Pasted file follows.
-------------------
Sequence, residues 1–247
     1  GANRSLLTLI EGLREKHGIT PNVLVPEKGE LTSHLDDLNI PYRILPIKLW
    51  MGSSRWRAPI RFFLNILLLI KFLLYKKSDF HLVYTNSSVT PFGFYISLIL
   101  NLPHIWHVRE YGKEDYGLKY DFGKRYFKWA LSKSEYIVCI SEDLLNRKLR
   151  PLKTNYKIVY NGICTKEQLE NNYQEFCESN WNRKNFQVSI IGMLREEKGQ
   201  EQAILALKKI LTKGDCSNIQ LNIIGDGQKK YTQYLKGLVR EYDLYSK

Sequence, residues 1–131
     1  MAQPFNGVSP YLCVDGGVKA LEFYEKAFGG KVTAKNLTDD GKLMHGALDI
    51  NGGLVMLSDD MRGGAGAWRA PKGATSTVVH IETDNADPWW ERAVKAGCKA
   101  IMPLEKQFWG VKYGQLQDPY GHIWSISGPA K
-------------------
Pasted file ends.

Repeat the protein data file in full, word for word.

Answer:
Sequence, residues 1–247
     1  GANRSLLTLI EGLREKHGIT PNVLVPEKGE LTSHLDDLNI PYRILPIKLW
    51  MGSSRWRAPI RFFLNILLLI KFLLYKKSDF HLVYTNSSVT PFGFYISLIL
   101  NLPHIWHVRE YGKEDYGLKY DFGKRYFKWA LSKSEYIVCI SEDLLNRKLR
   151  PLKTNYKIVY NGICTKEQLE NNYQEFCESN WNRKNFQVSI IGMLREEKGQ
   201  EQAILALKKI LTKGDCSNIQ LNIIGDGQKK YTQYLKGLVR EYDLYSK

Sequence, residues 1–131
     1  MAQPFNGVSP YLCVDGGVKA LEFYEKAFGG KVTAKNLTDD GKLMHGALDI
    51  NGGLVMLSDD MRGGAGAWRA PKGATSTVVH IETDNADPWW ERAVKAGCKA
   101  IMPLEKQFWG VKYGQLQDPY GHIWSISGPA K